When I was a kid, we ran from one activity to another. We were involved in EVERYTHING. While I appreciated being able to do nearly every activity I ever desired, I reflect on childhood as a very frazzled time – always running from one activity to the next. Today, I struggle with performance-based approval which I believe stemmed from this frequent activity. How much can I get done and how well can I do it – these are questions I began asking myself at a very young age, when people would comment on how much we were involved in and my parents would respond with how well we were performing in each activity. I would tell myself – I can handle this – look how well I am doing! But the truth is, I was always tired and yet never felt like I could do enough.
Now that I have small children (8, 6, 4, & 2) I have learned to be intentional about the activities outside the home that we are involved in. I want my children to be exposed to great things, but I want even more for our family to reach the objectives we have set as a family. I do not want to look back on these years and feel like I missed the things that were most important. Here are some ways I try to prevent being that super-busy family, while still exposing our kids to a lot of great things:
1. Does this activity align with our vision statement? This is where yesterday's Mission comes in. It doesn't matter how cool the activity is, how much the child wants to do it, or how many other parents are doing it – does it align with what you said were the priorities of your home, when outside pressure did not surround your decision? It can be difficult to decide what to do if you do not have a Vision statement – but your Vision statement gives you the freedom to say "no, that just won't work for our family", and to have confidence in that choice.
2. Teach first – before I sign them up for the next activity or class, I think about my ability to teach them that skill together as a family. It is easy to toss a ball with a 3-year-old in the backyard rather than signing them up for T-ball. It is NOT easy to entertain a toddler, and two older kids while the 3-year-old gets taught the skill by someone else. In addition to reducing the busyness, you might miss out on great memories and the building of trust that comes from your child when you teach them child a new skill. Not to mention the blessing you receive as a confidence booster when they master (or just learn the basics of) that skill.
3. Can you combine instruction? Rather than signing this kid up for that class, and having the other children wait, or the next kid up for a different class, and wasting your precious time with your children telling them to sit down, be patient, hurry up or wait, try to select activities that multiple children can participate in. For us, that might mean the older two have one class, and I get focused time playing with the little ones. I generally do not sign my children under 5 up for activities unless they are joining in with their siblings. For example, we attend a gym class that has options available for all ages at the same time slot. The 8, 6, & 4-year-old participate and the baby and I can walk around the track. The whole family looks forward to gym because it benefits everyone – all at the same time.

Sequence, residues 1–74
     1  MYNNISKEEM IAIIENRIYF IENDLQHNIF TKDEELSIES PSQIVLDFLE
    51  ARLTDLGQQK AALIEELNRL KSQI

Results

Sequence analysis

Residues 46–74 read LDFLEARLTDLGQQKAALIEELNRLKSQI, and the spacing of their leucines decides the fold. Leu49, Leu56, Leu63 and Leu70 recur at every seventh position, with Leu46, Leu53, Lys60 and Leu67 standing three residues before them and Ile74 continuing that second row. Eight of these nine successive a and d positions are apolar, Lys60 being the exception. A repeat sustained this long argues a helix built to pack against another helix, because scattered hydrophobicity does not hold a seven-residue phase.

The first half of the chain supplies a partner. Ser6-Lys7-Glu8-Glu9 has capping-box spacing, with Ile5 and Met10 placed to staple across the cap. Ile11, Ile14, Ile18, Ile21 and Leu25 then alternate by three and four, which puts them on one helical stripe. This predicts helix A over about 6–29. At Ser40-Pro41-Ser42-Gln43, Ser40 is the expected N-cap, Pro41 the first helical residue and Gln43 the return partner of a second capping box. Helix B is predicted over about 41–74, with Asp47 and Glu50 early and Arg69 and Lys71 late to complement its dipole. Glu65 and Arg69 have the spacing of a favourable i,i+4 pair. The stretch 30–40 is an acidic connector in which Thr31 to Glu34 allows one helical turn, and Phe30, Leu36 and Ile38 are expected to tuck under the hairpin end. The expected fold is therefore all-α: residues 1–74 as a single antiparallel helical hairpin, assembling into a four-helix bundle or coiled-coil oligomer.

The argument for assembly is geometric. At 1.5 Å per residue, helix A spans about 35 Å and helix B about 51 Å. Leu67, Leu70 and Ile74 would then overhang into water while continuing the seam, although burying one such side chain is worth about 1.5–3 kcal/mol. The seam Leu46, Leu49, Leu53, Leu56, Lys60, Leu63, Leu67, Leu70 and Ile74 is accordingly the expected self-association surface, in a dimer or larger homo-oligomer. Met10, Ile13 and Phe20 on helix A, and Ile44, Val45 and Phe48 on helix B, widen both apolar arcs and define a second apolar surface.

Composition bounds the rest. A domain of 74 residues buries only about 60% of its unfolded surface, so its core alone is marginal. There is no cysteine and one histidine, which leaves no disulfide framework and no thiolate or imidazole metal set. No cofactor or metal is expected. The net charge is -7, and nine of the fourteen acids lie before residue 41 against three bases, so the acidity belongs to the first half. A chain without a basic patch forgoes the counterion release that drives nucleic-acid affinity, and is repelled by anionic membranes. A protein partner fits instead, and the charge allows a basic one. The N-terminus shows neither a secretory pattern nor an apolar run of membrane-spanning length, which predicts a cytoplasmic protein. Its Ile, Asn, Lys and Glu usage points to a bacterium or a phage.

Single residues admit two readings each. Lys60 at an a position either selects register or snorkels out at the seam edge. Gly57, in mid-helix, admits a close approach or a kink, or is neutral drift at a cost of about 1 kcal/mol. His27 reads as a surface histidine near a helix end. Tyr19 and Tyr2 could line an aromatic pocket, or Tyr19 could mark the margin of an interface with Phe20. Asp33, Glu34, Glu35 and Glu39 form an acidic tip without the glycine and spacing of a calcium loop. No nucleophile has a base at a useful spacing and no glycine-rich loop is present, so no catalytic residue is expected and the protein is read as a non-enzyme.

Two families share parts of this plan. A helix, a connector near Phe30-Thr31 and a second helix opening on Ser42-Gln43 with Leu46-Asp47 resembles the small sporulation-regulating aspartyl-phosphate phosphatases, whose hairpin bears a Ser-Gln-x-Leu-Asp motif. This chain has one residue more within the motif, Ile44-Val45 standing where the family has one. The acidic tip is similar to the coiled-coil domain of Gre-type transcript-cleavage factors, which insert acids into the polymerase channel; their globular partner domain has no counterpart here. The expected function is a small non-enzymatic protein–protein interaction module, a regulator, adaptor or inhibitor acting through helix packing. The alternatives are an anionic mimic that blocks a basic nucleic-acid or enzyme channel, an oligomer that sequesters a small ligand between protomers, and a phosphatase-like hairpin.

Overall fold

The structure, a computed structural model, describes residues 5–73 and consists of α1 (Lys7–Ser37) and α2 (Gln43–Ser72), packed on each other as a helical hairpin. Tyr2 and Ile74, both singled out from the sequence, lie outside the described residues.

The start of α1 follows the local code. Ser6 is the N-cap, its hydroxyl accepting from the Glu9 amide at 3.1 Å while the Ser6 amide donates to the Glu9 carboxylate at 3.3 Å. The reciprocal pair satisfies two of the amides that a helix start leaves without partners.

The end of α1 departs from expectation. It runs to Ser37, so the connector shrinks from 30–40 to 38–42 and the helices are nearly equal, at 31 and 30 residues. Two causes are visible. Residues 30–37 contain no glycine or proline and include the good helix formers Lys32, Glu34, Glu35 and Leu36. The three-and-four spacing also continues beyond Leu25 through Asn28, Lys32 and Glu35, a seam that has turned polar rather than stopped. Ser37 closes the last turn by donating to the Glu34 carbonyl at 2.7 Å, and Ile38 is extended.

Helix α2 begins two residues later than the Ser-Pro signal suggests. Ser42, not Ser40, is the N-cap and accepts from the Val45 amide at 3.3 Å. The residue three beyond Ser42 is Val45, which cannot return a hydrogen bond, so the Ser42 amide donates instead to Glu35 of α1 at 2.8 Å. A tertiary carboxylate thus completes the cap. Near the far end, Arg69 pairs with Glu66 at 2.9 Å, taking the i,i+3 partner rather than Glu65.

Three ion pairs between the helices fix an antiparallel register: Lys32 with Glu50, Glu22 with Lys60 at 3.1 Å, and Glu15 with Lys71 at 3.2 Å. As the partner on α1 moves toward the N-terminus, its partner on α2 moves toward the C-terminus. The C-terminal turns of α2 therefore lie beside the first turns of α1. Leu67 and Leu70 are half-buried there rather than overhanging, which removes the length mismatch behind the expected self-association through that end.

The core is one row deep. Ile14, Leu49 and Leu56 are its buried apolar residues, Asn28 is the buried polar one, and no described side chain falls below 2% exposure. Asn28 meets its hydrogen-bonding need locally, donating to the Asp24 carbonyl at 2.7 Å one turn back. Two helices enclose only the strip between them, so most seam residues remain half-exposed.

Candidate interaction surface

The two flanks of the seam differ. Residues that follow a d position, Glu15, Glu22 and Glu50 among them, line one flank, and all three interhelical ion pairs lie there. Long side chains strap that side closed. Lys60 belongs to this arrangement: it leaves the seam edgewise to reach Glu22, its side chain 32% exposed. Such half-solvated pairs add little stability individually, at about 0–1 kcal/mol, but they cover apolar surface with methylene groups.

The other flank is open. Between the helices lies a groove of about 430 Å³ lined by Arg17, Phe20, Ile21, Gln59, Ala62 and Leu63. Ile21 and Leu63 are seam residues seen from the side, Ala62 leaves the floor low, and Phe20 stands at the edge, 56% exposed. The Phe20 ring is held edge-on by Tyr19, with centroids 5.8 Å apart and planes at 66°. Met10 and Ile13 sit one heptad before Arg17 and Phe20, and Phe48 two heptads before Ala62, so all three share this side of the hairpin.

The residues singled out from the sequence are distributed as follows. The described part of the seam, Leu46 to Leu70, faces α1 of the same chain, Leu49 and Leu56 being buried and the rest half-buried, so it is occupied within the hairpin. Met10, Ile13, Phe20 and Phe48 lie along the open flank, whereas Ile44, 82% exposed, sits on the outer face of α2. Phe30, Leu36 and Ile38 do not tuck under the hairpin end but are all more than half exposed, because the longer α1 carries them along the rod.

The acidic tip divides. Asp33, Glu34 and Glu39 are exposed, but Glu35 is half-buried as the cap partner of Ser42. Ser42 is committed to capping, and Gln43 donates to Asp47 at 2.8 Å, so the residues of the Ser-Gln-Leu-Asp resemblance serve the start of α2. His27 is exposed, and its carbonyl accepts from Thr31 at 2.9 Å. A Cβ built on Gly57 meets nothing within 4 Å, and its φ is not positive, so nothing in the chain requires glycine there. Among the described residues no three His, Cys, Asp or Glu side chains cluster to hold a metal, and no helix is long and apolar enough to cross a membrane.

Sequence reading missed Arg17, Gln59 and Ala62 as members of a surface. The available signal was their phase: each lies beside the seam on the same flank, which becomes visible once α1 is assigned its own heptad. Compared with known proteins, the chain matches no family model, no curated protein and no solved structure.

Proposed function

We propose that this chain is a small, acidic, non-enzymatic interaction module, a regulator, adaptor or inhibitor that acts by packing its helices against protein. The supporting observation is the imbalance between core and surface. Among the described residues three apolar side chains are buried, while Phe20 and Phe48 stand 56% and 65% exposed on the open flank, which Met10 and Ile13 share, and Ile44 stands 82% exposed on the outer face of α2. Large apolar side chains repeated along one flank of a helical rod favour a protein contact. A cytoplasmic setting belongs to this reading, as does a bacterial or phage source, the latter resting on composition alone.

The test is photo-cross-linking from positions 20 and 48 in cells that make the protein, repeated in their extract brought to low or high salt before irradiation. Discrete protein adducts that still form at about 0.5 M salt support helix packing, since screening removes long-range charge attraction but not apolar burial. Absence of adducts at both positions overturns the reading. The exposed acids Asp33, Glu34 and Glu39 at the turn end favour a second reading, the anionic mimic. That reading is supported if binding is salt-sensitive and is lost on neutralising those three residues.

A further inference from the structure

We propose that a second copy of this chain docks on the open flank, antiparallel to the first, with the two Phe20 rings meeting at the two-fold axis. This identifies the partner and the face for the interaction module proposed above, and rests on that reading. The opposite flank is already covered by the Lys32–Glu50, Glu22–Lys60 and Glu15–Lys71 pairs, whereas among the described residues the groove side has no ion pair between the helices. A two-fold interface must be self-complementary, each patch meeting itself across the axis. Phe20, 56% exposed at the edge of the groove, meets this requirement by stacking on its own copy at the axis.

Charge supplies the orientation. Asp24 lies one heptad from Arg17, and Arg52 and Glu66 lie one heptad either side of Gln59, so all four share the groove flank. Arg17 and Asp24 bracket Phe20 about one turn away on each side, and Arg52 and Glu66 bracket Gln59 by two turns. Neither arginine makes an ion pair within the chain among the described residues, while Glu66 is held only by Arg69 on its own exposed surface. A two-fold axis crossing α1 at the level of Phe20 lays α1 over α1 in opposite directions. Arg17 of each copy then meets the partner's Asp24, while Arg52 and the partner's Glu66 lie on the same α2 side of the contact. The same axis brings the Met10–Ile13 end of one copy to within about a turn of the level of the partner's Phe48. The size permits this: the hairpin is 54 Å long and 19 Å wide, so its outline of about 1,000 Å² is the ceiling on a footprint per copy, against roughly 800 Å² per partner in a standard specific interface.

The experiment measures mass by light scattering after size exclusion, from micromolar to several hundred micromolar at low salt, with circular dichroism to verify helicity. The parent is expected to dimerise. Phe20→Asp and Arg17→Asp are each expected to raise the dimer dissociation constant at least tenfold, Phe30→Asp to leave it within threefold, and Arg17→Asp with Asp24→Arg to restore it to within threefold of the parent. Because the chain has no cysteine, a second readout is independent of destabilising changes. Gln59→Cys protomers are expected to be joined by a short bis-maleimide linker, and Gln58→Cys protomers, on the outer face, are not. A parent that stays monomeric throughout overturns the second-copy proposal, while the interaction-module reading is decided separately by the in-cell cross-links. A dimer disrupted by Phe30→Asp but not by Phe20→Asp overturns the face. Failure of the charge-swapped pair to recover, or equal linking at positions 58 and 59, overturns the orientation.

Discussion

4. Is it the right season? Some things sound great, and fit well with your Vision statements or intentions as a family, but it is just not the right time for your family to participate. "Seasons of life" can mean many things. Many times, those with very young children are in a season where you need to take into account nap times, attention spans, energy levels, etc. Other families may be dealing with prolonged illness, financial difficulties, or emotional distress. Saying "no" today doesn't mean you are saying no forever. It just means that you recognize your unique family needs at that time and are courageous enough to let that pass. It is inevitable that your child will want to do everything – this is good that they have many interest and are excited about life! But show them how to manage their time wisely when they are an adult by learning how to evaluate where they should best spend their time when they are still in your home.
Think about the activities you are currently involved in, and activities you would like to be involved in. Examine them in comparison to the Vision sentences you created yesterday. Which activities support that vision, and which ones detract from that vision? You will need to decide in your heart to let go of the ones that do not support that vision and perhaps get involved in the ones that do. Be courageous! It might not be the popular thing to drop out of that art class that everyone is talking about – but the result may teach your child a much greater lesson than the art class ever could. Pray about and consider the activities the Lord is calling your family to, and align your time commitments to them.
Tomorrow we will start to outline the specifics our schedule….don't miss it!
This Post is part of a series titled "Creating a Family Schedule That Works for You". The other links to the posts in this series may be found here:
[…] 2-3 sentences that outline your general Vision statements or objectives as a family, and taken a look at your activities to make sure they align with those objectives. You have also identified the amount of […]
[…] Creating A Family Schedule that Works for You: Narrowing Your Path […]
[…] Day 2: Narrowing the Path […]